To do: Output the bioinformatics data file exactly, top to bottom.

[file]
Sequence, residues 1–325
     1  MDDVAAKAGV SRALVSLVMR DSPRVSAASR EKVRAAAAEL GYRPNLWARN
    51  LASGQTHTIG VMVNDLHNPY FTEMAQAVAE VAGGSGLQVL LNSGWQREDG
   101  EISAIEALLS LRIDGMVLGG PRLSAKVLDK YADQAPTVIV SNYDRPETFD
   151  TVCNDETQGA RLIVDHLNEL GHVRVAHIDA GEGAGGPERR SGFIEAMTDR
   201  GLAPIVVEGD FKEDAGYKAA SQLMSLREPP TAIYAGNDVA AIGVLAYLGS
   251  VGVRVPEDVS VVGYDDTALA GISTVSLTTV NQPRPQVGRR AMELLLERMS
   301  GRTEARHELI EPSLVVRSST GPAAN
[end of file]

Sequence, residues 1–325
     1  MDDVAAKAGV SRALVSLVMR DSPRVSAASR EKVRAAAAEL GYRPNLWARN
    51  LASGQTHTIG VMVNDLHNPY FTEMAQAVAE VAGGSGLQVL LNSGWQREDG
   101  EISAIEALLS LRIDGMVLGG PRLSAKVLDK YADQAPTVIV SNYDRPETFD
   151  TVCNDETQGA RLIVDHLNEL GHVRVAHIDA GEGAGGPERR SGFIEAMTDR
   201  GLAPIVVEGD FKEDAGYKAA SQLMSLREPP TAIYAGNDVA AIGVLAYLGS
   251  VGVRVPEDVS VVGYDDTALA GISTVSLTTV NQPRPQVGRR AMELLLERMS
   301  GRTEARHELI EPSLVVRSST GPAAN